The ICA shines a spotlight on the state of Portuguese cinema
by Teresa Vieira
- The Portuguese Film and Audiovisual Institute’s Cinema & Audiovisual from Portugal 2019 publication reveals some interesting facts and figures for 2018
A total of 87 films were produced in Portugal in 2018, according to the Portuguese Film and Audiovisual Institute (ICA)’s Cinema & Audiovisual from Portugal 2019 publication. The first part of the report contains a list of the films produced: 36 fiction titles (22 features and 14 shorts), which include Terry Gilliam’s The Man Who Killed Don Quixote [+see also:
interview: Terry Gilliam
film profile]; 26 documentaries (16 features and ten shorts), which include The Dead and the Others [+see also:
film profile] by João Salaviza and Renée Nader Messora; and 14 short animated films, which include La Vénus au Vélo by Gabriel Abrantes.
Of these 87 films, 78 were supported by the ICA. This is the first time that this annual publication has presented films that weren’t supported by the ICA, as well as movies that have benefited from the new film and TV production cash-rebate system (part of the Fund for Tourism and Cinema, approved in June 2018).
Since the data presented in previous publications only referred to films supported by the ICA, that should logically form the basis of any analysis, and in fact (despite the positive impact of the idea of having 87 films produced), there was only a slight increase in comparison with 2017 (from 77 to 78 national films). The second part of the publication homes in on information regarding distribution and gross box office (GBO), amongst other facts and figures.
There, we can see that, even though there has only been a slight increase in national film production output, there has actually been a significant increase in terms of fiction films (from 35 to 41). The number of animated (short) films produced hasn’t changed in comparison with 2017, and has only slightly increased since 2014 (from four to eight titles). There aren’t any animated feature films included in these figures (which encompass information from 2014-2018), which might explain the ICA’s new funding contest, initiated this year (and for the first time), to support the production of an animated feature film to the tune of €1 million. This is one of the biggest changes in the ICA’s 2019 contest budget, which has been given a €1.7 million boost over the 2018 figure. If we consider the difference between the 2017 and 2018 contest budgets, we see that there was only an increase of €252,089, which might explain the similar overall production figures for those two years. A bigger investment in national film productions will be made in 2019, and this may have a significant impact on national productions in the future, marking a promising start for this year.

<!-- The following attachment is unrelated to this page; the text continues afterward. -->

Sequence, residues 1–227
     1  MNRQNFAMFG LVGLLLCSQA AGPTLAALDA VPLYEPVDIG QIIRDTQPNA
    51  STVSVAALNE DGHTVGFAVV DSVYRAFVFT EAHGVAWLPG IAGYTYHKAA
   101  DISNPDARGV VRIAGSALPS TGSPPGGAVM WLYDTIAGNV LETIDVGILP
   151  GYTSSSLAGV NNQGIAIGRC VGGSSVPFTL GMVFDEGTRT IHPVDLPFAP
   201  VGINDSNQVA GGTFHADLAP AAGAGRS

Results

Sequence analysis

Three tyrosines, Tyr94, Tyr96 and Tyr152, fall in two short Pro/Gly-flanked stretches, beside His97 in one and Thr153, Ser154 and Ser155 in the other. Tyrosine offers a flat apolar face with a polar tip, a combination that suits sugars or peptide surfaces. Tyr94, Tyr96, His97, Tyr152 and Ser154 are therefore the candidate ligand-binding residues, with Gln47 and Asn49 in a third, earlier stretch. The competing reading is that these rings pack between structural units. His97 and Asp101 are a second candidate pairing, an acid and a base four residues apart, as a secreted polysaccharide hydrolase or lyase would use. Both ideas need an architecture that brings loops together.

But the data presented in the publication, from 2018, are not quite as promising. While there were slight changes in terms of the number of national films supported and produced from 2017-2018, there were significant changes in other figures – and most of them were not overly encouraging.
Overall, there were 900,000 fewer admissions than there were in 2018, there was a decrease in the number of national film releases (from 38 to 34, over the course of one year), and there was also a significant decrease in admissions for local movies (134,954 fewer than in 2017, dropping from 2.6% to 1.9%) – which therefore led to a smaller market share for Portuguese films (a decrease from 2.7% to 1.5% in one year). The top national film was The Dead Queen [+see also:
film profile] by António Ferreira, with 46,717 admissions and a GBO of €184,984.38 – significantly lower than the top national film of 2017, O Fim da Inocência [+see also:
film profile] by Joaquim Leitão, which took 77,198 admissions, generating €415,821.49 worth of revenue. There is an even bigger contrast if we compare it with the top national film of 2015, Leonel Vieira’s The Courtyard of the Ballads [+see also:
film profile] (a remake of a classic Portuguese comedy), which took 603,447 admissions and generated €3,098,051.97. 2015 was a year that saw fantastic admissions (6.5%) and GBO figures, but this was mainly thanks to the release of Vieira’s film, since only 52 national movies were produced that year – and only 27 of those got a release. Therefore, there has been a bigger investment in national film production over the years, but this has not led to an increase in admissions or GBO.
The analysis of this publication raises the question: should there be a more substantial investment in the distribution and exhibition of local films, or has Portugal lost its (possibly already non-existent) national audience for home-grown movies?
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